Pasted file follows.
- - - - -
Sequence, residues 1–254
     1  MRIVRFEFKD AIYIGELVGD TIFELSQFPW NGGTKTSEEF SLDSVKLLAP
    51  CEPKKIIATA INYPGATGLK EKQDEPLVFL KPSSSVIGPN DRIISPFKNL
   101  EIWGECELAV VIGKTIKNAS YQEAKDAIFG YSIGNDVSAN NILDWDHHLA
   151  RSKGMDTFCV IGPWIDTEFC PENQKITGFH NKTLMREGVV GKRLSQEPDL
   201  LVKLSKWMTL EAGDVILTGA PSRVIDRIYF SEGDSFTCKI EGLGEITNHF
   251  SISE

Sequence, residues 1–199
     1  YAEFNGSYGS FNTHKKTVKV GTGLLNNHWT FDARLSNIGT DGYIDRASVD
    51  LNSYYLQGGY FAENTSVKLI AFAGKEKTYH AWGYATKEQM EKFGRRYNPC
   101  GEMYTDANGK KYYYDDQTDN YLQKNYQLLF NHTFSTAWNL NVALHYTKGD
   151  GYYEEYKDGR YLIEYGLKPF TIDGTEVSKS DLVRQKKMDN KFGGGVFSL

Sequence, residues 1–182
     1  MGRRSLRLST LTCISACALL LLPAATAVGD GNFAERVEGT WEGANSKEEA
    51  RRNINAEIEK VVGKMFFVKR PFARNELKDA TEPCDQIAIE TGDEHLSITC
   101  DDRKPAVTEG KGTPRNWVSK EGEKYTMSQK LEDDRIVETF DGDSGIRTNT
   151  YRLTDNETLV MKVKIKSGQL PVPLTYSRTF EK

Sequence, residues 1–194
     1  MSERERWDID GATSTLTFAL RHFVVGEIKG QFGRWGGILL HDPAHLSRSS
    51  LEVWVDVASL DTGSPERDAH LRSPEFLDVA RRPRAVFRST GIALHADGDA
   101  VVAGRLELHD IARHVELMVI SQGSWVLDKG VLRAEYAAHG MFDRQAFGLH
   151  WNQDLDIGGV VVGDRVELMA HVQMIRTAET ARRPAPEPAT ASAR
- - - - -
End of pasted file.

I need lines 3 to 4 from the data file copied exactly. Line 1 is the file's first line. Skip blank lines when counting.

    51  CEPKKIIATA INYPGATGLK EKQDEPLVFL KPSSSVIGPN DRIISPFKNL
   101  EIWGECELAV VIGKTIKNAS YQEAKDAIFG YSIGNDVSAN NILDWDHHLA